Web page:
I know I'm not good at c++. Most of the code that I write (codecs, compression/decompression stuff, engines for whatever) has to be efficient. When I write them I have to think about what the compiled code will look like, and c++ just makes it hard for me. Also whats the deal with templates - when I write the code I know what types it will have to play with, and I dont remember having to switch them afterwards. I may have to use a hash table or something at times, but, its not like I will take days to write one, and in the process I'll adapt the implementation to what I actually need. For example, if I'm hashing strings you can bet I will use a more complex hash function than if I'm hashing pgp key IDs that are already pretty uniformly distributed... I think the c++ genericity argument falls on his face here again, because, all hash tables do not have the same requirements.

So, I don't think c++ would be a huge advantage for the stuff that I do, and I think I would need to invest a massive amount of time to become maybe half-decent at it. It just does not seem to be worth it IMHO.

When I dont want to worry about the lowlevel implementation, I'd rather use python or another "proper" high-level language. But, c++ just looks like a bad hack to me.

Not exactly..., posted 5 Dec 2000 at 00:18 UTC by aaronl » (Master)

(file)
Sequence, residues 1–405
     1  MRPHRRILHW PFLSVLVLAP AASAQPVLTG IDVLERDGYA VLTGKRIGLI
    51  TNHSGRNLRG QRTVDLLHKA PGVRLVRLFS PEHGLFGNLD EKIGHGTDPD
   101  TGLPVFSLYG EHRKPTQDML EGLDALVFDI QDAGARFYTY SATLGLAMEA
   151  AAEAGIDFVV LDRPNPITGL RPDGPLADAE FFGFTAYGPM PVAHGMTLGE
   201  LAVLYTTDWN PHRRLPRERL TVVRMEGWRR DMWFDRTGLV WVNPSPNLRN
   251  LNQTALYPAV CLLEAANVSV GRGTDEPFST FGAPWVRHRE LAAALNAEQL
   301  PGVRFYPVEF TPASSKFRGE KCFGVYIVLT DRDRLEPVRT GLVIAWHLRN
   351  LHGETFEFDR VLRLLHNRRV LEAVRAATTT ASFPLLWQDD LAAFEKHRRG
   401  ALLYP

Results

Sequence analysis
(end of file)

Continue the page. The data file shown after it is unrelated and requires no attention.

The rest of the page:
C++ and free software have nothing in conflict. Unix and C++ don't really mix as well as Unix and C since Unix and C were developed and designed with one another.

And the GNU C++ compiler which is the most popular on free opertaing systems happens to suck...

Works for us, even with g++, posted 5 Dec 2000 at 00:28 UTC by DrCode » (Journeyer)

I'm not sure what all the fuss is about. The Exult project is written in C++, has nearly 69K lines of code, and compiles/runs on Linux, Win32, Mac and BeOS. G++ is used for all platforms except for the Mac, and I haven't heard of any problems caused by the compiler.

In my opinion, C++ is a natural choice for a game, since a game is full of objects:-) And, in fact, it appears that the original Ultima7 (which Exult reverse-engineers) was itself written using Borland C++.

Some more responses, posted 5 Dec 2000 at 00:28 UTC by samth » (Journeyer)